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Inside me, it’s all darkness (article) - China - Poetry International
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Inside me, it’s all darkness

 

 

In an article published last year on a site devoted to Chinese art and literature criticism, Duo Yu set out some of his views on poetry. An excerpt translated from this article spells out the poet’s obsession with human kind's “dark side”.

Inside me, it’s all darkness. Since the beginning, I have been cautiously avoiding these dark corners, covering them up, but they grew steadily bigger until they became alienated and turned into a cancer of the spirit. Since the beginning, this has been the reality of my writing.

I no longer feel ashamed or, to put it another way, I no longer feel shame in those moments of shame. I bite my nails, pick my nose, look down on the poor, tell lies to God, spit in public places, hug myself with pleasure, am narrow-minded, support war without taking part in it, fantasize about sex, am suspicious, block my ears to the song of the swan, no longer regard art as being a kind of gold . . . But this is not the sum total of the blackness I have inside me, and if I could bring myself to face it in its entirety, I know that it would suddenly transform into light!

I see that there are still many people who are ashamed of this darkness. In other words, they feel shame when they no longer feel ashamed. They try to cover it up rather than expel it or face up to it. They cover up the darkness with beautiful, imposing words: REPONSIBILITY, JUSTICE, MORALITY, CLEAR CONSCIENCE, FREEDOM, ABUNDANCE, HUMAN NATURE, MAGNANIMITY, PASSION, AWAKENING, IDEALISM . . . And so the world seems sparkling and radiant, while life becomes appealing and pretty!

We have heard too many of these utterly mediocre and yet stirring cliches. First, there is an attempt to lay down a standard for the new poetry, just like some big meeting to revise the constitution, then, without running the slightest sense risk, moralistic judgements are proposed, coherent appeals, nationalistic . . . With one step one lurches from right to left, from the idealism of utopia to revolutionary-romantic realism, from a revised avant-garde to revolutionary leftism, from a bellicose art for art’s sake to a moralism completely cut of from the world, from that total blackness to the limpidity of a Great Master.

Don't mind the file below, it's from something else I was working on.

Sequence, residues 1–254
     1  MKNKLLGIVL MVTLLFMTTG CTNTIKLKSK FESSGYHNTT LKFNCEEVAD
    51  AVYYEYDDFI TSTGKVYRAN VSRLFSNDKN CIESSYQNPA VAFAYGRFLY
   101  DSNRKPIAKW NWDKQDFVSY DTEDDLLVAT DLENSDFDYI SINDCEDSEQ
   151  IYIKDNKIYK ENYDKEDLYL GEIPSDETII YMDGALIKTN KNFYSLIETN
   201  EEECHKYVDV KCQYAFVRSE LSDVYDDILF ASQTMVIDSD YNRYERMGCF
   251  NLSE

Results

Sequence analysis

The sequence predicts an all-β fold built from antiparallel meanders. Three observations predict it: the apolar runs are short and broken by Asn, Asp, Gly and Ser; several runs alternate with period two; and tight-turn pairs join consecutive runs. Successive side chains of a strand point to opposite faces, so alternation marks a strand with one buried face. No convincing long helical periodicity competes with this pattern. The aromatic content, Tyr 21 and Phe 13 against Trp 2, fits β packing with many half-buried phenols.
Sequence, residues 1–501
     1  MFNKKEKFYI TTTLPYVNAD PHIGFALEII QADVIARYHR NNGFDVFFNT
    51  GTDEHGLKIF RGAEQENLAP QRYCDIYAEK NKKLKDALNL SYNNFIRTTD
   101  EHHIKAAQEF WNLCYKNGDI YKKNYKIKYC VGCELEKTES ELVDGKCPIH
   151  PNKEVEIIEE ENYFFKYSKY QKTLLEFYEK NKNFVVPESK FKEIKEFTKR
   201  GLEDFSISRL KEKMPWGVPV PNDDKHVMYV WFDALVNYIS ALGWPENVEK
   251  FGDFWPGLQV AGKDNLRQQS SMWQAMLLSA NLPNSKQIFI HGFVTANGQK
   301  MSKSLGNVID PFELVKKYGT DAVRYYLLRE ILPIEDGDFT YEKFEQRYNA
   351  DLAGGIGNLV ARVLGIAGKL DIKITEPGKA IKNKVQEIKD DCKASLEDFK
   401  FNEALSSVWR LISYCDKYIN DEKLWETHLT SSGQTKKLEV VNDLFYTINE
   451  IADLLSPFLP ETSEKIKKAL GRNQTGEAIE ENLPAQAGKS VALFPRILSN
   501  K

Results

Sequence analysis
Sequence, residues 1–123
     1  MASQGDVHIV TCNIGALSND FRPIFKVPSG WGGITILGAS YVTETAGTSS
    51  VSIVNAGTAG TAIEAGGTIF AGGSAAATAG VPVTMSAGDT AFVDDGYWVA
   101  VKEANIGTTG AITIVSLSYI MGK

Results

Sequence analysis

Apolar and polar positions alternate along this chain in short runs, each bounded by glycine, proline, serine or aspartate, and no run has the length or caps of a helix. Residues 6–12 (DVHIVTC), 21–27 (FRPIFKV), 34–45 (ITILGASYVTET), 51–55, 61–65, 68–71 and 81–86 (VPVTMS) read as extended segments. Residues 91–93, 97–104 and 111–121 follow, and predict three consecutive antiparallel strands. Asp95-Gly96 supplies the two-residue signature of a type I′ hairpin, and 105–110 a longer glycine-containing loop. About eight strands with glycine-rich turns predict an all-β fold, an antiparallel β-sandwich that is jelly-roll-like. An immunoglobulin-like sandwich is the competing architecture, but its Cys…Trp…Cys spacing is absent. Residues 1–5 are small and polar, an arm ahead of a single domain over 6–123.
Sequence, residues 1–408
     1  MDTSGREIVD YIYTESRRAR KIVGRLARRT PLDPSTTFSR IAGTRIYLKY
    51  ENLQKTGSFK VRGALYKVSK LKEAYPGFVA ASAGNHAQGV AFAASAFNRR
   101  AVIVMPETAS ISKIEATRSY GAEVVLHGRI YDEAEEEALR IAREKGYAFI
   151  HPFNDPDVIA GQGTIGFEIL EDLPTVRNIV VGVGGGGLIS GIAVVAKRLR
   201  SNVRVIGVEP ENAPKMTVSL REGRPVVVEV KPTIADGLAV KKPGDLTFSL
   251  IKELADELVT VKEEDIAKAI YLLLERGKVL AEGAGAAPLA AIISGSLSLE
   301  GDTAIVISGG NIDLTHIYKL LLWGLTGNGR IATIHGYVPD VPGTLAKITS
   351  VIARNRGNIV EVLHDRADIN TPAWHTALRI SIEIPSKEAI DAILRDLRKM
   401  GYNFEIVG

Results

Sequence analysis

This way of going about things is rather too simple. As far as poetry goes, are these big words self-evident or not? Will they make poetry more abstract or will they bring it closer to reality? More distinct or more murky? When people turn away from themselves and try to shock in a new way, still working with established concepts and systems of categories but wearing a new disguise, will they bring us liberation, breakthroughs and subversions, or new obstacles and threats — perhaps the most terrible of all obstacles?

Under the pretence of a crowd-pleasing aesthetics, and by making use of those impulses towards ingratiation, such new literary tricks do their utmost to cram a large amount of wholly incompatible and mutually contradictory notions into some kind of form, some outline of orthodox doctrine, trying to cover up those irritatingly difficult problems and to sort out chaos for the sake of revolution. As a result, do they undergo, completely unawares, a transformation from resistance to repression? Another question: what kind of poets count as true poets? The ones who take the burden of morality and justice on their shoulders, and who use a megaphone to make speeches to the world? Or is it those meek and pedantic people who, uninterested in public affairs, modestly question this apparently harmless faith in big words in the quiet of their studies?

Great figures such as Tolstoy wavered between their own art and the good conscience of society. Anna Akhmatova said that the only reason why Tolstoy killed off Anna Karenina was to placate the moral standards of his aunts in Moscow. The slightest vacillation in the depths of one’s being can influence the direction one’s writing takes. The darkness of the mind is a fundamental reality. As Simone Weil once said “all truth contains contradiction within it” and “the contradictions the spirit encounters are the only reality, the most real criterion”. Art is a way of dealing with suffering. Loneliness is another, and so is suicide. So Susan Sontag said.

For these reasons, I am fed up with those mediocre sermons and with that Romantic inflation of the ego. Apart from being used to save oneself or to dilute the darkness inside the mind, poetry no longer has any eternal values. Poets have their own specific 'feelers', and all they need do is sniff the smell of the wind to know whether there is a revolution taking place in the public square. Poets have their own doubts and suspicions which await being dispelled. They have no realizations of Truth, they are not prophets (under the influence of supernatural forces) of an abiding truth, nor are they dangerous liars of genius.

What is a poet? This has never been a coherent concept. And so for this reason there are so many people full of revolutionary impulses making startling pronouncements in the realm of poetry. Yang Jian said that he was a poet before Liberation, and was still a poet after Liberation — he is a real poet. The requirements are not difficult: all one has to do is to speak a simple fact. To use another fashionable term, poetry is a form of personal salvation. Real poets confront themselves first and foremost; poetry should become a tongue that speaks for personal salvation. Is it a matter of using knowledge, morality, lies . . . to save a poem, or to save a person by means of a poem? This is the test of a true poetry.

Translated by Simon Patton


First published on the Chinese site Zhongguo Yishu Piping

© Duo Yu  
 
 
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